The first series of posts that will be meant for the aspiring photographer will be about lenses. I’m hoping to shed some light on various types of lenses and then analyze which types of lenses may be good for wedding photography. Choosing the best lens for wedding photography is a very debatable topic. The goal of this series of articles is not to preach the pro’s and con’s of various lenses but provide my opinion about the Ten·2·Ten Photography approach to choosing a lens and to provide you with facts that you will need to help you decide which lens is best for you.
Let’s start with a little background on lenses. If you’re a semi-pro or pro photographer, you may want to skim over this quickly and then wait anxiously for the next post! If, however, you’re just stepping into the world of wedding photography (or photography, in general) it can be quite informative!
The first thing to discuss is aperture size. The aperture is the size of the opening that the light travels through to hit the film (or digital sensor). Lenses with a large aperture (f2.8 or larger, such as f2.0, f1.8, f1.4) are ideal for low-light situations because they let a lot of light in. I have shot entire receptions using an aperture value of 2.8, despite the shallow depth of field. Not all lenses can have a large aperture, though. The standard lenses that come with a basic camera kit will not suffice for low-light situations because the apertures are too small to let in enough light. Another draw back of kit lenses is that the aperture varies.
Let’s take a look at some nomenclature. A standard kit lens (whether Nikon, Canon, etc.) may have specs that look something like this
This means that your focal length can vary from 18mm to 55mm. However, the part that says 3.5/5.6f means that your aperture can open up to 3.5f when you’re at the 18mm end of the lens, but the aperture can only open to a maximum of 5.6f when you’re at the 55mm end of the lens. Having a lens with a variable aperture size upon zooming is very inconvenient and frequently leads to improperly exposed photos if you are a beginner trying to learn to shoot in manual.
Here’s some nomenclature for a professional series lens. Let’s examine it more closely.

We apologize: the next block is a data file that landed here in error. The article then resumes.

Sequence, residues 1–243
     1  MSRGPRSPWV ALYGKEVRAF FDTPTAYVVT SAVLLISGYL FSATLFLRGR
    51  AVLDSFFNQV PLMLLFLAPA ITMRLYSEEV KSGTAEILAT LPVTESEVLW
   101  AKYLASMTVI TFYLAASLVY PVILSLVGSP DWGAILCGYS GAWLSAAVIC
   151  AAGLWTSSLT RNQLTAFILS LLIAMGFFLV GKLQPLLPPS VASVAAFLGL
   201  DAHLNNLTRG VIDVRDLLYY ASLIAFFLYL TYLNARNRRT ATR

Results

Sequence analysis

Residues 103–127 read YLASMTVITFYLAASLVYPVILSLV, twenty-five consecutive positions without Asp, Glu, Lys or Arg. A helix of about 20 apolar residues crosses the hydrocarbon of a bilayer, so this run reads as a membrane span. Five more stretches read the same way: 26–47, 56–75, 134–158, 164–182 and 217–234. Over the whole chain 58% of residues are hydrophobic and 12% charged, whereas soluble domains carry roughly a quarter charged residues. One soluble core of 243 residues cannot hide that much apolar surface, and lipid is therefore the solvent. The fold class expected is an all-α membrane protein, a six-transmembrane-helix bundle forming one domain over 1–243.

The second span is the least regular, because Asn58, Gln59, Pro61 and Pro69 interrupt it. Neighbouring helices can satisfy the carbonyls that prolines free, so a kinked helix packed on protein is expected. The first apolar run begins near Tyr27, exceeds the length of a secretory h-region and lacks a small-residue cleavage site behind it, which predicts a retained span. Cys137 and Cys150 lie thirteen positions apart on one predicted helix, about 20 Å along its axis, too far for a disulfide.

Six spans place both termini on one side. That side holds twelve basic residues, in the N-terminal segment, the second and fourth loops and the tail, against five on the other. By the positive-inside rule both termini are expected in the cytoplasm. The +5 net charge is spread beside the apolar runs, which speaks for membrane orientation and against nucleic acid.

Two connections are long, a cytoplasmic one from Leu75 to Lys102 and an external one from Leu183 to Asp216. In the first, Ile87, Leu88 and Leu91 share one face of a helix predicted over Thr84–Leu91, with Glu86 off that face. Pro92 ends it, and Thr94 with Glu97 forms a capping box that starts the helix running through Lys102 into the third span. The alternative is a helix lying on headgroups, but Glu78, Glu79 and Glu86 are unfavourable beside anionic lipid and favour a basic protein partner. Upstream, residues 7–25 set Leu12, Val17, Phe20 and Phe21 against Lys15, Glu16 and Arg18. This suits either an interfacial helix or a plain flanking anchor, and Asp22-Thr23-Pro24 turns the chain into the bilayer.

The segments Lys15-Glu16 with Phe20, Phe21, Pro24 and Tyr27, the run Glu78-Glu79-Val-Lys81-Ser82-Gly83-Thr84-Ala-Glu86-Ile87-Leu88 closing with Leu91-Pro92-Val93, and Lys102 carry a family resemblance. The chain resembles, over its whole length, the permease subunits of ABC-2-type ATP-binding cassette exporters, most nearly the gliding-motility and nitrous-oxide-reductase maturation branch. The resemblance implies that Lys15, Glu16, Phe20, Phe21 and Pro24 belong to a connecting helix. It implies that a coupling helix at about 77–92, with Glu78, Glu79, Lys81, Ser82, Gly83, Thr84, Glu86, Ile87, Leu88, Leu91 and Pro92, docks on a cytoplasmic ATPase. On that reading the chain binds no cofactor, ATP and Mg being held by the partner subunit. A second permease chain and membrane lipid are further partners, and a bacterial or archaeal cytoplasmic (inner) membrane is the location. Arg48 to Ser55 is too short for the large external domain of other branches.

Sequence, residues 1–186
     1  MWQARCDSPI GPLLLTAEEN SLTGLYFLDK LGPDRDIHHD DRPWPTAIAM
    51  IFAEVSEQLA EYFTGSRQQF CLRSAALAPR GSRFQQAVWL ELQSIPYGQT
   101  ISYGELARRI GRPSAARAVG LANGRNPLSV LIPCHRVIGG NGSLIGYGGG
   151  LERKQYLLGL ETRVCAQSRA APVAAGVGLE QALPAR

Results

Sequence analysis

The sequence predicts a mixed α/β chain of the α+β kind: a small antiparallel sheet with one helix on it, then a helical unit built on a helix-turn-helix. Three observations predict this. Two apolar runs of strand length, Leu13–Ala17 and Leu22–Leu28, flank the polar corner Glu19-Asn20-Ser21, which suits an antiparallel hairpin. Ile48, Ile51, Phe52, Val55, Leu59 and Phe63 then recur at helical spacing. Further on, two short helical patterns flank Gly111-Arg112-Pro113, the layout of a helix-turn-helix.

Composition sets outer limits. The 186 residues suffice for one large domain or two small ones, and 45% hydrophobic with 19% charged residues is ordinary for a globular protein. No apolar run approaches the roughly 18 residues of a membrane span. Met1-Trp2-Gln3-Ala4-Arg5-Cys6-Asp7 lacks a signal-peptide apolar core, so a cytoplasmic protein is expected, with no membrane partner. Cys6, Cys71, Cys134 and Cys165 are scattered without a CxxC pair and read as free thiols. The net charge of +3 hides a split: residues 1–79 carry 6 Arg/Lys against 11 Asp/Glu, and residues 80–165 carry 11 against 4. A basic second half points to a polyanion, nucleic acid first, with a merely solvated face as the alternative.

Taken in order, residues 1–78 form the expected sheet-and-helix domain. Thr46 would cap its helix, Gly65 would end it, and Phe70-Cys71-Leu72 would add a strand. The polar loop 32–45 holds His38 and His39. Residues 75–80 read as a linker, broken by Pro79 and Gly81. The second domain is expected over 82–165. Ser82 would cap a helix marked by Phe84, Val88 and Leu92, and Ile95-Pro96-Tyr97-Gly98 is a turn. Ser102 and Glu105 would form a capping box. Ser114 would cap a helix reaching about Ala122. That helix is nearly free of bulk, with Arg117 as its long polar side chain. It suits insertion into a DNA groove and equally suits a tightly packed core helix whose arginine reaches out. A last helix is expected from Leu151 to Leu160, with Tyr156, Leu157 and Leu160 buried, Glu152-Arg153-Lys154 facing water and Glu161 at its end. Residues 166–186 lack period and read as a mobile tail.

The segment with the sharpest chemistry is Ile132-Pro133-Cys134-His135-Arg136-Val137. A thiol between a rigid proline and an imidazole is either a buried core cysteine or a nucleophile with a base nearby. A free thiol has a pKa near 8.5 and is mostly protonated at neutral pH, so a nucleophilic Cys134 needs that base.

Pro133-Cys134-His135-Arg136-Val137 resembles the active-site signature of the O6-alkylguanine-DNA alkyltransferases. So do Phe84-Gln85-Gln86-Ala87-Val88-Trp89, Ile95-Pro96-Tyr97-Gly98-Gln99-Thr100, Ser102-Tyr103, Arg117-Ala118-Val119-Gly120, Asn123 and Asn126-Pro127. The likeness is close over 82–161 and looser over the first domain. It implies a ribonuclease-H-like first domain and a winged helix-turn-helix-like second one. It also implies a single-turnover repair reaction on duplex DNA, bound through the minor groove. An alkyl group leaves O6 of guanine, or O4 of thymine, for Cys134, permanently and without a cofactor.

This means that your focal length can vary from 24mm to 70mm. However, because it says only 2.8f (and not 2.8/xx f) it means that no matter what end of the lens you use (the 24mm end or up to the 70mm end) your aperture will stay constant. You can zoom in and out with an aperture value of 2.8f and never worry about your camera automatically changing anything!
Another type of nomenclature you might see if for prime lenses. Prime lenses have a fixed focal length – they do not zoom in and out. Whether you are Nikon or Canon, a popular (and affordable) prime lens is the
This means that the focal length is fixed at 50mm. If you want to zoom in, you have to physically walk closer to your subject. Aperture sizes for prime lenses open even wider than they do for zoom lenses. An aperture value of 1.8f lets in even more light than an aperture value of 2.8f so you get even better photos in low light.
You can’t talk about aperture size without touching on depth of field. You can learn more about depth of field by doing a quick internet search, but to sum it up – the larger your depth of field, the more of your photo is in focus. Have you ever seen a photo where the subject is in sharp focus but the background behind them is very, very blurry? That’s an example of a shallow depth of field. As your aperture opens up wider and wider(5.6 < … < 2.8 < 2.0 < 1.8 < 1.4 ) your depth of field decreases more and more.
So now that you know a little bit more about lenses, you may find yourself asking “So what lens is best for wedding photography?”. We’ll be discussing that in the next post!